Experts say this is exactly the way you can learn to appreciate your body

It’s no secret that even the most confident people can struggle with body positivity, because when we’re constantly being bombarded with messaging about how we can “improve” our bodies, it can be downright impossible to appreciate the body we’ve got. But with so much focus in advertising and on social media about looking a certain way, losing weight, or changing our (apparently flawed) appearance, it can be seriously hard to love your body just as it is today.

Turns out, there are plenty of easy ways to help yourself actually live body positivity, and none of them include diets, detoxes, or Instagram fitspo. In fact, there’s one simple way you can help yourself appreciate your body on days when loving it is a struggle, and it has absolutely nothing to do with what you look like in a swimsuit or in your latest selfie. A recent article in Psychology Today points out that one powerful way to feel better about your body involves simply shifting your perspective. Instead of focusing on how your body looks, you can feel grateful for what your body can do.

It’s a challenging concept to grasp in a culture where beauty standards are impossibly narrow and so few body types are adequately represented, but instead of worrying about whether your body is “good enough,” you can try to focus on all the amazing things it does for you every single day. Allow us to explain.

Jessica Alleva, Ph.D. writes that instead of focusing on your body’s appearance, focus on its functionality. It can be tough to do that given that we live in an appearance-obsessed culture, but Alleva insists that simply shifting the focus can improve your body image, instead of worrying about measuring up to unrealistic (and often unhealthy) cultural standards of beauty that so few of us meet. She explains,

"Research shows that focusing too much on our appearance can make us feel badly about our bodies, especially when we focus more on how our bodies look than on what our bodies can do. By training people to focus on their body functionality, we can help them to regain a more balanced perspective toward their bodies."

But what exactly does this all mean? Alleva notes that functionality often involves the things we take for granted that our bodies do each day, whether that’s simply being strong enough to carry us through our days or giving us the ability to hug our loved ones. She added, “Focusing on why body functionality is personally meaningful — e.g., ‘My body can give my children a hug and be a shoulder to cry on, and this helps me to express my love for my family’ — can also help people to appreciate the things their bodies can do that are often taken for granted.”

According to her research, there are several key components that can help you appreciate your body just as it is — and none of them involve how many miles you can run, how “clean” you’ve been eating, or what size tag is in your jeans.

First, you can acknowledge your body’s internal and external capabilities, which we rarely give ourselves credit for. For example, the fact that your body works to keep you alive each day without you even having to do anything is actually pretty incredible if you think about it. This can certainly vary based on your individual body (for example, if you’re struggling with mental and/or physical illness or disability), but no matter what is happening in your body at any given moment, you can find a way to appreciate that your heart is simply beating, which is amazing on its own.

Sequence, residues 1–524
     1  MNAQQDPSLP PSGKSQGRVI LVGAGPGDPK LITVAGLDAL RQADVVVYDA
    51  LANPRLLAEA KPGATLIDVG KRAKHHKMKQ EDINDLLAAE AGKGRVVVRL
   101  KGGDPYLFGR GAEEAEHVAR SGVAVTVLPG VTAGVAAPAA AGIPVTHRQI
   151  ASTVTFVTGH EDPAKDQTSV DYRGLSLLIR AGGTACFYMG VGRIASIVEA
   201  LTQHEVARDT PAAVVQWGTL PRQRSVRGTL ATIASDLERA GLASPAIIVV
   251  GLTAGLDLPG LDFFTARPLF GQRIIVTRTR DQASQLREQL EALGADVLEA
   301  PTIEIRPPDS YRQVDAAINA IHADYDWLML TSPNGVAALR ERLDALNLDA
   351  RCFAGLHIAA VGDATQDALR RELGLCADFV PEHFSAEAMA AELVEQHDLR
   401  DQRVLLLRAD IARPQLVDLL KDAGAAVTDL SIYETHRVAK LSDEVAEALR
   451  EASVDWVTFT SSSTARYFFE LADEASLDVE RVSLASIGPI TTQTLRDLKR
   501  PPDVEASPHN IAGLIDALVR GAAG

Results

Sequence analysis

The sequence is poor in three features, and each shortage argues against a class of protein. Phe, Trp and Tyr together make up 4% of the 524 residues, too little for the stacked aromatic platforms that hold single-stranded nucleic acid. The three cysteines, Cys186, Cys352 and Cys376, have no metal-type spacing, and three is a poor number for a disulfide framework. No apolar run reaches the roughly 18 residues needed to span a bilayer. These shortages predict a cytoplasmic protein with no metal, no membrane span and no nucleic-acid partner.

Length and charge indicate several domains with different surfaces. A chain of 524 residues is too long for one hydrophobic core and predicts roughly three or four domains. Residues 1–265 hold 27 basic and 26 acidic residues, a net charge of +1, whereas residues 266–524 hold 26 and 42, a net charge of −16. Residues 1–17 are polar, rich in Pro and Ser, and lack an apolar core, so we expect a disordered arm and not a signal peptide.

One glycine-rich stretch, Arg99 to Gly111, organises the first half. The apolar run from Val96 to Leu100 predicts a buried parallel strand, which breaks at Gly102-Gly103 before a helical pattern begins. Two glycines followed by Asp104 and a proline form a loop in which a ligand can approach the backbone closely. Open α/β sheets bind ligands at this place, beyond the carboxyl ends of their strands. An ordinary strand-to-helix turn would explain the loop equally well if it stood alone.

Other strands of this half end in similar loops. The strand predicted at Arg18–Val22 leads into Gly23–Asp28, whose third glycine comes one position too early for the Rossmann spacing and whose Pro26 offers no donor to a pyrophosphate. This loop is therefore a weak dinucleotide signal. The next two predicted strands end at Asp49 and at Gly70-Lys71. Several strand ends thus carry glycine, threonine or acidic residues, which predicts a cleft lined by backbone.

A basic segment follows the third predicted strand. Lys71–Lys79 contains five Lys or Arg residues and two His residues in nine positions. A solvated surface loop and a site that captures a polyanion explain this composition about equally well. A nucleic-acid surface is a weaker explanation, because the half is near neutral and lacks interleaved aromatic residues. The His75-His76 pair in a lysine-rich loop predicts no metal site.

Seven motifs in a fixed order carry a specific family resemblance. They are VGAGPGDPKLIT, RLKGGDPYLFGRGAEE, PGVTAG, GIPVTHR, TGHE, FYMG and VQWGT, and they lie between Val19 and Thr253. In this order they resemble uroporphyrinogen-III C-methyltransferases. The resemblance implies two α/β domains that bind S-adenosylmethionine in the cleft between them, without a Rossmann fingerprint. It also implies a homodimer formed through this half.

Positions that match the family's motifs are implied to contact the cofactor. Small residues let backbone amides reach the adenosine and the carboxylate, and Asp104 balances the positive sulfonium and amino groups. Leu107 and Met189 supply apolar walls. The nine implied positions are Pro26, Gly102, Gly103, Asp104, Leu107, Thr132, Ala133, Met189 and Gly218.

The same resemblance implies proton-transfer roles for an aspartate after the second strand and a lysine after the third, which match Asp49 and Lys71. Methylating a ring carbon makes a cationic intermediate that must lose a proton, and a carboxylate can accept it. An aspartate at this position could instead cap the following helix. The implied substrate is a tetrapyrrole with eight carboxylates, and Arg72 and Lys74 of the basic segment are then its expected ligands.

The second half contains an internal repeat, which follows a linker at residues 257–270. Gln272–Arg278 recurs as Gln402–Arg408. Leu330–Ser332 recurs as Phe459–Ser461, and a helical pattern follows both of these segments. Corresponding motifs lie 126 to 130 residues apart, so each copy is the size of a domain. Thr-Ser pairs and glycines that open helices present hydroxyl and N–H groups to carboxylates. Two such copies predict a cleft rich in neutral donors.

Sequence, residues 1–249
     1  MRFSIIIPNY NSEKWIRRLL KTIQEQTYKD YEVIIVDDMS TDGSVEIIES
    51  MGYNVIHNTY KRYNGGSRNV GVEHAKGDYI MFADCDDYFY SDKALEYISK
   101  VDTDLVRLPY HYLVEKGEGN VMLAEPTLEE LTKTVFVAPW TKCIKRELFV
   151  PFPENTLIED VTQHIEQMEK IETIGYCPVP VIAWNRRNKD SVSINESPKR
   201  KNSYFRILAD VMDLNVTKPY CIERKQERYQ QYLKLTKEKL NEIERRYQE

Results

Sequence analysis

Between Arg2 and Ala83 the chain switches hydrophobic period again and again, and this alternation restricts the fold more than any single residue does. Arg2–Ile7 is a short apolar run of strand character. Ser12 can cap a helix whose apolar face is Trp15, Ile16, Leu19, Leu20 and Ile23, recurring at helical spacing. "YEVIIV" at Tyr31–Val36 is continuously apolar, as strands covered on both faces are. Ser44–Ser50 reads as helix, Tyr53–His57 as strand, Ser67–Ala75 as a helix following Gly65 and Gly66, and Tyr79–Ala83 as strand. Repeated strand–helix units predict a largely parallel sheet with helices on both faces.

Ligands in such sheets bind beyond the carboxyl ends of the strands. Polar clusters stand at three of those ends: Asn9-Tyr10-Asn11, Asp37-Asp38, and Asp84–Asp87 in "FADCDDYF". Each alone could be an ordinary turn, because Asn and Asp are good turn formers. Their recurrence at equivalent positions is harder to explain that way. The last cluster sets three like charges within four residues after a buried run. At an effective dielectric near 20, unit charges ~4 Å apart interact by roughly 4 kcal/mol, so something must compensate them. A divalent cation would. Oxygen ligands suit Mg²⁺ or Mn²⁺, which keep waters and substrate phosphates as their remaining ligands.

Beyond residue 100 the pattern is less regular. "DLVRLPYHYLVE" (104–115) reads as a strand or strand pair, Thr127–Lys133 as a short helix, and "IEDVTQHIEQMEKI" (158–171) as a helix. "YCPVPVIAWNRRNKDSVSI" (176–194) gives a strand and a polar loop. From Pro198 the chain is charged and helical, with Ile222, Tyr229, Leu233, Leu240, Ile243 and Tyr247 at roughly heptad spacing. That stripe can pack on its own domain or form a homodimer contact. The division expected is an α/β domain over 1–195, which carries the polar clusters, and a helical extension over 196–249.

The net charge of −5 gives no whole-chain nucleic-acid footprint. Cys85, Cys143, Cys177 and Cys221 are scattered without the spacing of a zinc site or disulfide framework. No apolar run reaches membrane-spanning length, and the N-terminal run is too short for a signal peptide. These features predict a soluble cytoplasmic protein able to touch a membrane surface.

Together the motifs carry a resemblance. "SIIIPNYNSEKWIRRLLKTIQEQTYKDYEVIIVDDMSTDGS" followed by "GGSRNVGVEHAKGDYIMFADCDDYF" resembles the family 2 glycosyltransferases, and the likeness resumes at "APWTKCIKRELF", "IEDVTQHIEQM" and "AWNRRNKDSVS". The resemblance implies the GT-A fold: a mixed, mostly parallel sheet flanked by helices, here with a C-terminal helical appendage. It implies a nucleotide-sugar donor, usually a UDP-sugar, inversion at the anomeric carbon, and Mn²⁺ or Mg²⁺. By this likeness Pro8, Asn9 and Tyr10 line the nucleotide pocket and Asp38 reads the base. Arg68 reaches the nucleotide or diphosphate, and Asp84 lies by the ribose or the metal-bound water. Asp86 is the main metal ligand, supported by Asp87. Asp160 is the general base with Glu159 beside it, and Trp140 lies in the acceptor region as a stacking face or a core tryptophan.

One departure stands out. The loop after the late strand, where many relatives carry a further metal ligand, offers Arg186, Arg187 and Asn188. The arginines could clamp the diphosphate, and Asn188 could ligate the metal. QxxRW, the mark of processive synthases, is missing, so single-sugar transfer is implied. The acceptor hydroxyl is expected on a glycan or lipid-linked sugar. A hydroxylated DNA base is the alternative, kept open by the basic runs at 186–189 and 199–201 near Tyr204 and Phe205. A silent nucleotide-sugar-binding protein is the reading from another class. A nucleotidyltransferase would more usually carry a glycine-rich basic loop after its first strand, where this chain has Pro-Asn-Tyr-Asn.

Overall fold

Alleva points out that “body functionality is not limited to able-bodied individuals,” adding, “For example, even if someone is not able to walk, that does not mean that he or she does not have a functional body. After all, body functions are diverse, and each body is functional in its own way.”

If focusing on physical capabilities still makes you feel bad about yourself, you can also focus on bodily sensations — all the things your body feels and experiences. Whether that’s the joy you get from eating your favorite food or hearing your favorite song, those little pleasures are all what makes you unique. Similarly, you can focus on your creative endeavors, which can include singing and dancing to that favorite song.

You can also appreciate your body’s ability to communicate, which can be verbal or non-verbal. For example, hugging your loved ones or expressing your feelings however you feel comfortable is such a powerful tool to help you feel better in your own skin.

Lastly, if you’re in a place where it’s just too hard to focus on loving your body, you can simply try to care for it in any way you can — and that has nothing to do with what your body can do, but rather what you choose to do for your body. If self-care involves resting as much as possible because leaving the house requires too much effort, there is nothing wrong with that. You are entitled to do whatever it is you need to do to care for yourself, no matter how big or small.

A few easy ways to actually achieve this appreciation for body involve writing down what your body does that you’re most grateful for and storing them in a place you’ll frequently see them (by your bed, in the bathroom, or at your desk, for example). Checking in throughout the day about how you feel and giving yourself what you need helps, too, especially if that means you need to up your level of self-care. These little steps can help you feel more appreciative of your own body without trying to change it or love it, because sometimes simply feeling neutral about your body is the best gift you can give it. And those good feelings will last longer than any juice cleanse or diet “detox” you’ll read about on social media.

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